Mike Wilson: So that probably leads us to my last question. Obviously, it's a global pandemic and that was a pretty sudden trigger, but that means that the recovery will probably be unique as well and the next expansion will be unique. How do you think about the next expansion?
Ellen Zentner: Yeah, I think one thing that I like to point out, that is unique, if I focused just on the household side here, going into this downturn that's where balance sheets weren't stretched. Unlike in 2008. In fact, households' balance sheets in the aggregate were healthy. So that's a key difference in this cycle where you don't have that added weight on households. And so it's really just a factor of getting past the virus where we could see an inflection in growth. You know, whether that's spring of next year, if Matthew Harrison is right and that's when we get a widely available vaccine. But I can tell you that we're going to see at least a return to some activity before that, some level of activity, because there is a chunk of the population that says, "I don't need to see a vaccine. I just need to see that counts are going down. I just need to feel more comfortable that we've got the hospital capacity to treat me if I do get sick." It might be touch and go here depending on the virus news and developments of the vaccine and how households feel about that. But certainly when a vaccine becomes broadly available, you could see an inflection at that time, which means, you know, sluggish recovery compared with the norm until vaccine and then something that's well beyond faster than previous cycles.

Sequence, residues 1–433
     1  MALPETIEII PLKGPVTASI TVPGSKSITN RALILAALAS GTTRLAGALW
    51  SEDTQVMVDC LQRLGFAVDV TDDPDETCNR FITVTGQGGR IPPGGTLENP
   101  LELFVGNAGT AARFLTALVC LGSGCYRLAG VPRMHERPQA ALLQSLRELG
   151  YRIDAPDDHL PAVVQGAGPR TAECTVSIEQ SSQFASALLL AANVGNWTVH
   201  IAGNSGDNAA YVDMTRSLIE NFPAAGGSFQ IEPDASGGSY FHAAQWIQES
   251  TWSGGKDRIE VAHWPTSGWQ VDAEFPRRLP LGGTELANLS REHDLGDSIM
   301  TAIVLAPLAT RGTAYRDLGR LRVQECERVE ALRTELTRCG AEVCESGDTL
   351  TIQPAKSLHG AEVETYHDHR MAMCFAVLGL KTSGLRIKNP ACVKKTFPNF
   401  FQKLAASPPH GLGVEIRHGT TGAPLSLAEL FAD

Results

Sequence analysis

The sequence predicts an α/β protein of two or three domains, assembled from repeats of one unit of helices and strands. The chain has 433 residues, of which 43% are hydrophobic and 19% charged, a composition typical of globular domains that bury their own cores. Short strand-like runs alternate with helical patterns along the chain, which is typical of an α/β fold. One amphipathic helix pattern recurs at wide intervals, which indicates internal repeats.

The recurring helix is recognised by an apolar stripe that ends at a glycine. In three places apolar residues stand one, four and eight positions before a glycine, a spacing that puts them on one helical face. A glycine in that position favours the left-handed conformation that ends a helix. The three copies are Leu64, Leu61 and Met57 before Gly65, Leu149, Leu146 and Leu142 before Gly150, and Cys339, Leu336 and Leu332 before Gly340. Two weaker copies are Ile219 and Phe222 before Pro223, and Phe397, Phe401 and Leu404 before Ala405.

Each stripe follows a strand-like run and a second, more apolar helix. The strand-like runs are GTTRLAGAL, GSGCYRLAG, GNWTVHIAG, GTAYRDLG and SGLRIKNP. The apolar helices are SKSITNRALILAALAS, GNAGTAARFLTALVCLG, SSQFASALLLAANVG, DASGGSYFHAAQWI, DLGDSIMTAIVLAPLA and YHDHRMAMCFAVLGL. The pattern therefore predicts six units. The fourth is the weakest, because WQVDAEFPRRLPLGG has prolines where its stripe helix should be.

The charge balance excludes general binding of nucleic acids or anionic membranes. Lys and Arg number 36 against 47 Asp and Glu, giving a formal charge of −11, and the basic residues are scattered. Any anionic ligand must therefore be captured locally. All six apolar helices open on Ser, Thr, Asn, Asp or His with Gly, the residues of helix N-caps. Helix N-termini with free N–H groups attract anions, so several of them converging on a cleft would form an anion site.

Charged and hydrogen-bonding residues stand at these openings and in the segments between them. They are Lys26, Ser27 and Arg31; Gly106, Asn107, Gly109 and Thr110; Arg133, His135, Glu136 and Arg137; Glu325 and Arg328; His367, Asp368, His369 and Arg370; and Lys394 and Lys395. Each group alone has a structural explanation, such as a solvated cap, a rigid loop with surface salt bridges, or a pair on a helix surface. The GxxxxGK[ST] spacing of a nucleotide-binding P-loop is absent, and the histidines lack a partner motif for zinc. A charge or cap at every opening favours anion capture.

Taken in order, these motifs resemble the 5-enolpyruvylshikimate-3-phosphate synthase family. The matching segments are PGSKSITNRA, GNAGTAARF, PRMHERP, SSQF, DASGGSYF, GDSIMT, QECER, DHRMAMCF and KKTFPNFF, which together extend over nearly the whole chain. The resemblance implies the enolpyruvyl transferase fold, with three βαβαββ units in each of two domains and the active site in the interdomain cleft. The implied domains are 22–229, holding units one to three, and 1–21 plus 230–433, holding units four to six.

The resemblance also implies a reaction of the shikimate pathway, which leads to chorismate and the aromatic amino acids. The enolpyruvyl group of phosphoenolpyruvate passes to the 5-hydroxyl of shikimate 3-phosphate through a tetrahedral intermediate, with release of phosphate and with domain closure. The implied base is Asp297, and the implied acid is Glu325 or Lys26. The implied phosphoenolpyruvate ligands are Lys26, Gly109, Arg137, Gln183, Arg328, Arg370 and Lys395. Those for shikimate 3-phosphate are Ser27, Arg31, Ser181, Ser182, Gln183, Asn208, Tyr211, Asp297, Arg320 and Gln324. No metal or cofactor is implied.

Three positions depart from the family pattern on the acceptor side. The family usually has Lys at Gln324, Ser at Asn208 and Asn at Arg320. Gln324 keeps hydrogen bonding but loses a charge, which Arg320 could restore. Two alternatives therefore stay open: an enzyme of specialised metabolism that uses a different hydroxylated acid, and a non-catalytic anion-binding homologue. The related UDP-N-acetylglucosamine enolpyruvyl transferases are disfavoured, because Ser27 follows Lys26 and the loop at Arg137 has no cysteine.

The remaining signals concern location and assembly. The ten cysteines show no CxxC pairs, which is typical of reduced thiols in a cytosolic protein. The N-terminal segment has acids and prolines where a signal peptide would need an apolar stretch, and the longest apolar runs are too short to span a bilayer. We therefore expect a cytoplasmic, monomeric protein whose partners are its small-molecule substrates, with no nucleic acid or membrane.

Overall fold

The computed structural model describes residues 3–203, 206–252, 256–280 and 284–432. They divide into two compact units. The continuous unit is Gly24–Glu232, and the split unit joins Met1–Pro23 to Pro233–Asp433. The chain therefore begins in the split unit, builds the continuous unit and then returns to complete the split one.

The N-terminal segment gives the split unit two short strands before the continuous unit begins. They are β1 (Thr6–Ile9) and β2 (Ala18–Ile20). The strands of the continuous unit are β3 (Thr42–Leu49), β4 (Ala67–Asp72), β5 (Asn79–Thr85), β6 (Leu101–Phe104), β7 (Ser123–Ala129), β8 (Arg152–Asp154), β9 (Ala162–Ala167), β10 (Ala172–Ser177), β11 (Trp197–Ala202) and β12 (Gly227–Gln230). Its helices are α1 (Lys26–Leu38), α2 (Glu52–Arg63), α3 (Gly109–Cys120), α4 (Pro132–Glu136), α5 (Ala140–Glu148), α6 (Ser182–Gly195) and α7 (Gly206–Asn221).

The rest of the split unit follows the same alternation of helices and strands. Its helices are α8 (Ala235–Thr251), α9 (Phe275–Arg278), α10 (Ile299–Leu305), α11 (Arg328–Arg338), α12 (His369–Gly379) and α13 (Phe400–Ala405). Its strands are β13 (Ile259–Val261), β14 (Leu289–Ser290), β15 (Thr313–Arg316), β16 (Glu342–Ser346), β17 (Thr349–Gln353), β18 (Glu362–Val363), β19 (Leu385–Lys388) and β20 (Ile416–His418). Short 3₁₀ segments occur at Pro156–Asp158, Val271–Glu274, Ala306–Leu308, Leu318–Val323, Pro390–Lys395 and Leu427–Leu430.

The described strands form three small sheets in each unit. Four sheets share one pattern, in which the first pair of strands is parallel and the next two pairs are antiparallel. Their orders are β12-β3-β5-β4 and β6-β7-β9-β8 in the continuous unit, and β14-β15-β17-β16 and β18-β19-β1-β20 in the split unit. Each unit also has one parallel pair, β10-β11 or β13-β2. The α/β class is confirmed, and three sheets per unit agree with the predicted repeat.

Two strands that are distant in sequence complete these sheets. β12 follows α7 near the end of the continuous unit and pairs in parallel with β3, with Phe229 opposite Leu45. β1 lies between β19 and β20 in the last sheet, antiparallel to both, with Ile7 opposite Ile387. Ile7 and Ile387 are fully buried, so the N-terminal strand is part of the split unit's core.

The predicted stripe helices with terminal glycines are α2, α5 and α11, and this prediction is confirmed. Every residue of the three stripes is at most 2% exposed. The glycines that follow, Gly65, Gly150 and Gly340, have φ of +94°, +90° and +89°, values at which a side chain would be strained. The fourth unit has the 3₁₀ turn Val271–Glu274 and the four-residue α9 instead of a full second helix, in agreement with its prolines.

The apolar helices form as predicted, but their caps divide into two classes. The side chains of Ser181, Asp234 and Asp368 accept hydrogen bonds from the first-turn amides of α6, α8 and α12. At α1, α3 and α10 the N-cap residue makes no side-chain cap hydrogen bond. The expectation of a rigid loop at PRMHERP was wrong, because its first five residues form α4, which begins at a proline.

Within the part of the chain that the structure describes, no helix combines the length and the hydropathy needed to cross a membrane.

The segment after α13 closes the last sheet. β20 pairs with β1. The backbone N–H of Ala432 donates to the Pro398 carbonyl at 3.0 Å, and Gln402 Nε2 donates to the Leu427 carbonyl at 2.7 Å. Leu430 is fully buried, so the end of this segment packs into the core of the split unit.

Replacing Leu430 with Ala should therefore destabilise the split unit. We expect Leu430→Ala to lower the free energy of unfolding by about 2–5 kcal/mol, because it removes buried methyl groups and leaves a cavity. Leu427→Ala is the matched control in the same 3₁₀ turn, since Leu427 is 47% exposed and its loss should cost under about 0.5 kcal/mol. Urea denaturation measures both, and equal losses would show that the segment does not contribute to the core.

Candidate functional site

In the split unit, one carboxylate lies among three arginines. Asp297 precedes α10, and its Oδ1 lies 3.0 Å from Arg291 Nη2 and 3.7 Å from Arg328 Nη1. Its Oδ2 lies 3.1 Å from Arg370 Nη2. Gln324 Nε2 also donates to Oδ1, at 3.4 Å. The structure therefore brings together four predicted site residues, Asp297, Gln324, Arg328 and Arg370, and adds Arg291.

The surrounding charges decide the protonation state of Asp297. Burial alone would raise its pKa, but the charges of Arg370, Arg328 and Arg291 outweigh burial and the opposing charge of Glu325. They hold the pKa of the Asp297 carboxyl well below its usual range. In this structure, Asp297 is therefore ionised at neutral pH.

Ellen Zentner: So, Mike, you know, how does that jive with your market view? I mean, how would you think about this cycle versus past cycles and how this one could be different?
Mike Wilson: What's interesting about, you know, markets is they tend to be very efficient in discounting events kind of before they happen. But it's remarkable how efficient, you know, we kind of discounted the full recession in about a month's time. Back in March, we had basically a market crash and the market made a V bottom, which I think is foreshadowing, which you expect to be, somewhat of a V-shaped recovery. But as I think about what you said, this is more likely to be a consumer cyclical led recovery, whereas, you know, sometimes it's led by capital spending. And we're trying to position our portfolios to take advantage of that consumer cyclical kind of recovery initially.
Mike Wilson: Secondarily, because of the amount of stimulus that's coming in and as you said, it's going to probably continue for the foreseeable future. We may actually begin to get some inflation, I mean not right away, but in the outer years and the markets will start to discount that, too. And that means securities that are levered to higher inflation could start to do better as well. And a lot of those securities have been out of favor for the last 10 years because we've been in somewhat of a disinflationary environment. So those are some of the things that we're thinking about and how we're trying to position portfolios and advise clients. And I think, you know, like any cycle, Ellen, we got to be flexible and we got to change our views as things change. But for now, that's how we're seeing it.
Mike Wilson: Ellen, thanks for taking the time to chat today.
Ellen Zentner: Thanks, Mike.
Mike Wilson: Thanks for listening. If you enjoy Thoughts on the Market, please take a moment to rate and review us on the Apple Podcasts App. It helps more people to find the show.